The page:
Here’s the thing: as adult readers, we are constantly pairing fiction and nonfiction without even thinking about it. When you’re reading a great historical fiction title, don’t you look up the actual history? If you’re enjoying a novel set in present-day Paraguay, don’t you consult a travel website? And if you really love an author’s books, don’t you look for articles or a biography to read about his life? Just as you follow your curiosity, kids want to do the same. They just need you to help them make the match.


Guest blog post by Belle of the Book, Rachael Walker.

To receive credit for this online training, please fill out the form here.








Monday, October 3, 2016

No more reluctant readers!


Avid reader? Struggling reader? Reluctant reader? Bad reader? 

Labels do matter, but so do positive reading experiences and a supportive community. The Reading Connection's programs provide opportunities and a community for at-risk kids to see their reading selves in a positive way.

Publishers Weekly* recently interviewed two seventh-grade teachers about how their goal of creating lifelong readers informs the way they talk to the kids, arrange their classrooms and set their priorities. Their insights, while gained working in school classrooms, offer inspiring examples that can be applied to our Read-Alouds. 


Teacher Pernille Ripp describes how kids develop their reading identities as follows:
"No child comes to kindergarten and tells us that they are a struggling reader... Instead, that identity is created within our classrooms, within our groupings, and within our hallway conversations, where students quickly figure out which labels should identify them....
 [T]here are so many readers who are not confident, or who don’t see reading as something they would ever do for pleasure. Does it matter what label we give them? Or do we simply need to help create a positive experience for them? Can we somehow re-frame the past experiences they have had with books and get them to reinvest, if even for a moment?" (emphasis added) 


The Reading Connection's programs are all about helping kids experience the joy, excitement and empowerment that reading can provide. Our Read-Alouds provide fun, no-stress experiences with books. We purposely conduct Read-Alouds that are exciting and interactive and include hands-on experiences and lots of conversation to show kids that reading doesn't always have to be solitary or school-related.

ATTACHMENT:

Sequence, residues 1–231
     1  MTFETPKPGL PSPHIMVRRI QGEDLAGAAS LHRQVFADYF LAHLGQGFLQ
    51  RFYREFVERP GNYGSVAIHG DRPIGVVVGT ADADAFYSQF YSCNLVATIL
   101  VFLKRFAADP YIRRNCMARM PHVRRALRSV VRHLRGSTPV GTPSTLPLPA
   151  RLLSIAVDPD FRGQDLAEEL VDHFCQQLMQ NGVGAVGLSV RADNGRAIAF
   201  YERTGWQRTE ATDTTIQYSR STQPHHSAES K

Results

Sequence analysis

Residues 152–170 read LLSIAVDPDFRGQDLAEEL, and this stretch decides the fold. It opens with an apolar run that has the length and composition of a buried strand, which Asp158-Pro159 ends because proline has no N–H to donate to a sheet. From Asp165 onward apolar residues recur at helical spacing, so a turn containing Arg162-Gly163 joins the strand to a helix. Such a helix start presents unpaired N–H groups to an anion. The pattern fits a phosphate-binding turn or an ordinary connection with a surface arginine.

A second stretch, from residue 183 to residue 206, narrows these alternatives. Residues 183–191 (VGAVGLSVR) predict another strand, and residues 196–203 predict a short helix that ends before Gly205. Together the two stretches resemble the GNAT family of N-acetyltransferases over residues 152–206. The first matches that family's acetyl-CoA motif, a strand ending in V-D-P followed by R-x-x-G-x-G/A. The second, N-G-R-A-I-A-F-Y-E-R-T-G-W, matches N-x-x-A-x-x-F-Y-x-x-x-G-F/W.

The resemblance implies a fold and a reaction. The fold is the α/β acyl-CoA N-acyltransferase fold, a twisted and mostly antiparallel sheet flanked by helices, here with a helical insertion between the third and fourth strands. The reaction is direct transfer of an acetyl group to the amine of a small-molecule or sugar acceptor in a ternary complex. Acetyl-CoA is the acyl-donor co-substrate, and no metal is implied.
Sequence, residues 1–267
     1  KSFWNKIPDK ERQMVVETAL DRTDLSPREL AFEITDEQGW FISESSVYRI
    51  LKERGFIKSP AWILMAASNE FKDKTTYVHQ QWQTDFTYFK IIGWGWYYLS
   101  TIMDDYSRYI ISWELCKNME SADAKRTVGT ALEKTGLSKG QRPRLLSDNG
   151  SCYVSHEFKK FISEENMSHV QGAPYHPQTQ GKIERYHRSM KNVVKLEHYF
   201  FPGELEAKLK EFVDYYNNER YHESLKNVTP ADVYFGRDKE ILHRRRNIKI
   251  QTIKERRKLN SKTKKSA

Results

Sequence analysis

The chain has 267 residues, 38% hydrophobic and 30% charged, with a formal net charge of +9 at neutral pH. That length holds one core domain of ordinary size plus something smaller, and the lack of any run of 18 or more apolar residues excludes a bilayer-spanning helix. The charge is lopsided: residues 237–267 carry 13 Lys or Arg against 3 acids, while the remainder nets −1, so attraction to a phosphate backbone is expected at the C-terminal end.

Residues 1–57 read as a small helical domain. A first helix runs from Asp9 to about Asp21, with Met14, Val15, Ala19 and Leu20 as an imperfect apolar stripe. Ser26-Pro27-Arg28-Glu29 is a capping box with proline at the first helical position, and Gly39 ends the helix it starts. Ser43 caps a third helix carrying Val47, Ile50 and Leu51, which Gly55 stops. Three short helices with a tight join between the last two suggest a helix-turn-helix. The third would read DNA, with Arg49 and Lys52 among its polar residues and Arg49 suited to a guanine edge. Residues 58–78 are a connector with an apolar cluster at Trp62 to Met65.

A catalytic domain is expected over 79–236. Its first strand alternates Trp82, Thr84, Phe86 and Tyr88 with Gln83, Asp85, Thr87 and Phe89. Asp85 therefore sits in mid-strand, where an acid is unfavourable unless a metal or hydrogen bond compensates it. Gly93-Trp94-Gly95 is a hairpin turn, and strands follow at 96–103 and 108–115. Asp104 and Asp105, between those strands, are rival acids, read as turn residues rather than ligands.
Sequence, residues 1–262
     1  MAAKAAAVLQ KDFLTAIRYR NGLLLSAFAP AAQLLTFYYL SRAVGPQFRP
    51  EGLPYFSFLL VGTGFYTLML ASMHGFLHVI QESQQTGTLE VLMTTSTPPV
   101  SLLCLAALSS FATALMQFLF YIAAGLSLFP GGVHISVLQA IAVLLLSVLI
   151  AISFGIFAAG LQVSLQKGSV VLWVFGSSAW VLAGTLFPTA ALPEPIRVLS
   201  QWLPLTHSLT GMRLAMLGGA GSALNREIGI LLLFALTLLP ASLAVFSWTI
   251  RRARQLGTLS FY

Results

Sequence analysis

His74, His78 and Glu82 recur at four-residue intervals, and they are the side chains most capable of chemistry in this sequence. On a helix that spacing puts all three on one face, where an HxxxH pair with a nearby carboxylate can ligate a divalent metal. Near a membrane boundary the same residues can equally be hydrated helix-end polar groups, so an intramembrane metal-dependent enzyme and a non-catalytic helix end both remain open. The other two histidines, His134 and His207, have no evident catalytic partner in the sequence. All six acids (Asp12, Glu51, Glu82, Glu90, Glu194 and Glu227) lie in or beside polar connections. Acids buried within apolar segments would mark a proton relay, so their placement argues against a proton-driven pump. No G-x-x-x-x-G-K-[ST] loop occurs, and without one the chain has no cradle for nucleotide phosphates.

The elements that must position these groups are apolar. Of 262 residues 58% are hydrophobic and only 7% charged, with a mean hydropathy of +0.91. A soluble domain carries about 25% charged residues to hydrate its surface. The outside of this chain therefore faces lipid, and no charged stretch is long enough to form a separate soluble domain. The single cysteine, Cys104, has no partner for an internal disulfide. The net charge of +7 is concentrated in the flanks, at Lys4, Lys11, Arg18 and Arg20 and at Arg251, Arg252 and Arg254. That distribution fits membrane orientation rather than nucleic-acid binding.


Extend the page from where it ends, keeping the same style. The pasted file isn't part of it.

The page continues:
Helping kids become regular and passionate readers involves not just supporting their identity as readers but also creating a community where they can share their experiences and be supported by fellow readers. 

Again, Ms. Ripp's insights apply to the community building aspect of our programs.
"...[O]ne voracious reader will never be enough in order to get books in the hands of children. Finding allies in your school or community is important, bringing them in to book-talk books or simply having reading discussions with them is huge for reaching more students. Creating a visible reading culture is important as well.
It seems to me that often our self-identified nonreaders are also the ones that feel school is not a place for them. So we have to find a way of making them feel like they matter, like this place is for them, and that together we can create an experience that they want to be a part of."
TRC volunteers play a crucial role in creating that reading culture and helping kids develop a positive reading self-image. By talking with kids about books and kids' interests, feelings and experiences, our volunteers build relationships with the kids around books. These relationships of mutual respect and curiosity foster kids' identities as readers and valued community members.




Like Ms. Ripp, TRC wants all kids to be (and identify as) regular and passionate readers. Beyond the mechanics of getting through a Read-Aloud, we always try to build motivation and enthusiasm -- two essentials that can mean the difference between building strong reading skills or giving up. 

Once again, in Ms. Ripp's words,
"In the end, however a reader identifies, it really comes down to us to create an experience that will help them find amazing books, support them as they grow, and create a community of readers."
At The Reading Connection, our goal is that every child will be a regular and passionate reader. All of our programs are designed help kids develop identities as curious, joyful, regular, passionate readers and build reading communities that they can belong to.

*Creating Lifelong Readers: Two English Teachers Discuss What Works With Their Students, moderated by Shannon Maughan, August 19, 2016



To receive credit for this online training, please fill out the form here.


Tuesday, September 20, 2016

Happy Birthday, Brown Bear!